“My back hurt something dreadful, all last night, so I couldna sleep, and the lads took it in turns to rub me, but it didna really help, and then when I got up to go to the privy this morning, all the water burst forth from betwixt my legs—just as ye said it would, ma’am!” she said to Claire. “And so I said to Jo and Kezzie they must run fetch ye, but I didna ken quite what to do next. So I set about to mix up batter for to make hoecake for breakfast”—she waved at the table, where a bowl of flour sat with a jug of milk and two eggs—“and next thing, I had this terrible urge to—to—” She blushed, a deep, becoming peony color.

“Well, I couldna even reach the chamber-pot. I just squatted there by the table, and—and—pop! There he was, right on the ground beneath me!”

Claire had picked the new arrival up, and was cooing reassurances to him, while deftly checking whatever it was one checked about new babies. Lizzie had made a blanket in preparation, carefully knitted of lamb’s wool, dyed with indigo. Claire glanced at the pristine blanket, then pulled a length of stained, soft flannel from her kit. Wrapping the baby in it, she handed him to Brianna.

“Hold him a moment while I deal with the cord, will you, darling?” she said, pulling scissors and thread from her kit. “Then you can clean him off a bit—there’s a bottle of oil in here—while I take care of Lizzie. And you lot,” she added, glancing sternly at the Beardsleys, “go outside.”

The baby moved suddenly inside his wrappings, startling Brianna with the sudden vivid recollection of tiny, solid limbs pushing from inside: a kick to the liver, the liquid swell and shift as head or buttocks pressed up in a hard, smooth curve beneath her ribs.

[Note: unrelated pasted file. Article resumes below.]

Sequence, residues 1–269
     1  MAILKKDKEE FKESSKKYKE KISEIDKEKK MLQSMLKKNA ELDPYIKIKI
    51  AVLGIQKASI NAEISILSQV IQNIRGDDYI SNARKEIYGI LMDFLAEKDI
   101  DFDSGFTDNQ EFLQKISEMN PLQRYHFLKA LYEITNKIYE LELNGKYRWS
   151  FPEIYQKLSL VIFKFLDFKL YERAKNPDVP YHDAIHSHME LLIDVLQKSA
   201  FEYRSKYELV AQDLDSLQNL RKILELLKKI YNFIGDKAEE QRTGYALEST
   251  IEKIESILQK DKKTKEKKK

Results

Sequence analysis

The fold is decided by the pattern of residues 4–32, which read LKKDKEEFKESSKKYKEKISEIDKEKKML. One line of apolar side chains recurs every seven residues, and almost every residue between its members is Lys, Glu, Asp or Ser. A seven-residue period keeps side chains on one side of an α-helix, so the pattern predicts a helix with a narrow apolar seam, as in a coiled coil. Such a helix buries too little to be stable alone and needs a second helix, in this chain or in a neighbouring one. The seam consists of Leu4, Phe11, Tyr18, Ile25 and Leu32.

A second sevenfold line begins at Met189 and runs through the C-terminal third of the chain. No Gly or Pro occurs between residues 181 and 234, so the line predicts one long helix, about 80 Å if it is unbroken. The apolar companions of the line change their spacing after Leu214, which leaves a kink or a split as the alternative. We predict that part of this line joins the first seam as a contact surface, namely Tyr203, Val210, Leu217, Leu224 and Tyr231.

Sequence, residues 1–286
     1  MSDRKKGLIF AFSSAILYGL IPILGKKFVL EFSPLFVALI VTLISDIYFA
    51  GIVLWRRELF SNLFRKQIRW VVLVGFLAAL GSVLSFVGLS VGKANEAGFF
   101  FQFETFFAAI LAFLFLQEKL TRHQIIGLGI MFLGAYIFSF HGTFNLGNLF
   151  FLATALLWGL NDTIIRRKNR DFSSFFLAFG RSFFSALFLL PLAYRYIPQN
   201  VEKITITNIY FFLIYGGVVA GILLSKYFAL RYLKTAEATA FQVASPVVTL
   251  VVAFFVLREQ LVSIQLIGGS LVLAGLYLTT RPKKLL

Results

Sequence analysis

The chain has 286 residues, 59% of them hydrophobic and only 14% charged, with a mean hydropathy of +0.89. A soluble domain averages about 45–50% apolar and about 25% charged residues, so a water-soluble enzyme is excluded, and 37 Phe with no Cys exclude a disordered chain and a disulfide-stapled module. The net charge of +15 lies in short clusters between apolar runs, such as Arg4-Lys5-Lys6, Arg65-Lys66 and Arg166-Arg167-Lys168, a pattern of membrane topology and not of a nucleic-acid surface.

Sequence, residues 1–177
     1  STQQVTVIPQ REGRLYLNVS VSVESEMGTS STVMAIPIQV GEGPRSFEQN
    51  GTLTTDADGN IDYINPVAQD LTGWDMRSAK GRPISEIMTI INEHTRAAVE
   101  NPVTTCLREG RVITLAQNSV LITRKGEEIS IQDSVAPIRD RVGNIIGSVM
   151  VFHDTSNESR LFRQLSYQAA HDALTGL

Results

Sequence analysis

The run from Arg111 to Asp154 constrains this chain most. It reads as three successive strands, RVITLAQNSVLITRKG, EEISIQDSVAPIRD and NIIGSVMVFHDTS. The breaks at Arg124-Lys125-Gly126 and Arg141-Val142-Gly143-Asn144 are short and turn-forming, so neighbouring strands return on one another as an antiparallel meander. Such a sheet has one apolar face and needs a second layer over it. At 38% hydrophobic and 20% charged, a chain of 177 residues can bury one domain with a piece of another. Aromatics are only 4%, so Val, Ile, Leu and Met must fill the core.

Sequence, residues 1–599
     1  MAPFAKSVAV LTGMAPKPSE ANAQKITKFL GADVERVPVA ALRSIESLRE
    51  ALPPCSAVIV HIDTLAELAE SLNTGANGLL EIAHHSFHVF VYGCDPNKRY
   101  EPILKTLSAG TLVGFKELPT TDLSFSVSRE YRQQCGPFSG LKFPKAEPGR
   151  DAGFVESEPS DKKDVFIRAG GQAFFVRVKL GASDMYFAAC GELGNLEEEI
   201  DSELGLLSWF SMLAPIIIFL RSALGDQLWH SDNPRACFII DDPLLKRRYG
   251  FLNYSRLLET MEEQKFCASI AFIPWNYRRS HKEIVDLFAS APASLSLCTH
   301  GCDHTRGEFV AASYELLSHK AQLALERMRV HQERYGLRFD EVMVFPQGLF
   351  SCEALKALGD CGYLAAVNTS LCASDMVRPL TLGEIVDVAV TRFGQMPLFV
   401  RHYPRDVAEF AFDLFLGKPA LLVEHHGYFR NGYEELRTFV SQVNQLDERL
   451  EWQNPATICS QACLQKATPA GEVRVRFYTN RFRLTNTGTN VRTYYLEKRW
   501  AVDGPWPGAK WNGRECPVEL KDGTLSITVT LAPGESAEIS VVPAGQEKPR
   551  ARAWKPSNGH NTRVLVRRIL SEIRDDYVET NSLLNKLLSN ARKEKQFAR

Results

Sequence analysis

“Hallo, little guy,” she said softly, cuddling him against her shoulder. He smelled strongly and strangely of the sea, she thought, and oddly fresh against the acrid pungency of the hides outside.

“Ooh!” Lizzie gave a startled squeal, as Claire kneaded her belly, and there was a juicy, slithering sort of sound. Brianna remembered that vividly, too; the placenta, that liverish, slippery afterthought of birth, almost soothing as it passed over the much-abused tissues with a sense of peaceful completion. All over, and the stunned mind began to comprehend survival.

There was a gasp from the doorway, and she looked up to see the Beardsleys, side by side and saucer-eyed.

“Shoo!” she said firmly, and flipped a hand at them. They promptly disappeared, leaving her to the entertaining task of cleaning and oiling the flailing limbs and creased body. He was a small baby, but round: round-faced, very round-eyed for a newborn—he hadn’t cried at all, but was plainly awake and alert—and with a round little belly, from which the stump of his umbilical cord protruded, dark purple and fresh.

His look of astonishment had not faded; he goggled up at her, solemn as a fish, though she could feel the huge smile on her own face.

“You are so cute!” she told him. He smacked his lips in a thoughtful sort of way, and crinkled his brow.

“He’s hungry!” she called over her shoulder. “Are you ready?”

“Ready?” Lizzie croaked. “Mother of God, how can ye be ready for something like this?”, which made Claire and Brianna both laugh like loons.